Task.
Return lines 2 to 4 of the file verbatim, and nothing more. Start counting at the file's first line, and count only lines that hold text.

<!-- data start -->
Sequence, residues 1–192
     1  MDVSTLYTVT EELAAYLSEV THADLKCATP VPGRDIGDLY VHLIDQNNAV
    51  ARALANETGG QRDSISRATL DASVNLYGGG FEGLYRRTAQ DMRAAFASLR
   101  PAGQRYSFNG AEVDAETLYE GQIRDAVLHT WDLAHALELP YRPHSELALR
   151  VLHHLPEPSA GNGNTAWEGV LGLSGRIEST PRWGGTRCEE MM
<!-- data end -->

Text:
     1  MDVSTLYTVT EELAAYLSEV THADLKCATP VPGRDIGDLY VHLIDQNNAV
    51  ARALANETGG QRDSISRATL DASVNLYGGG FEGLYRRTAQ DMRAAFASLR
   101  PAGQRYSFNG AEVDAETLYE GQIRDAVLHT WDLAHALELP YRPHSELALR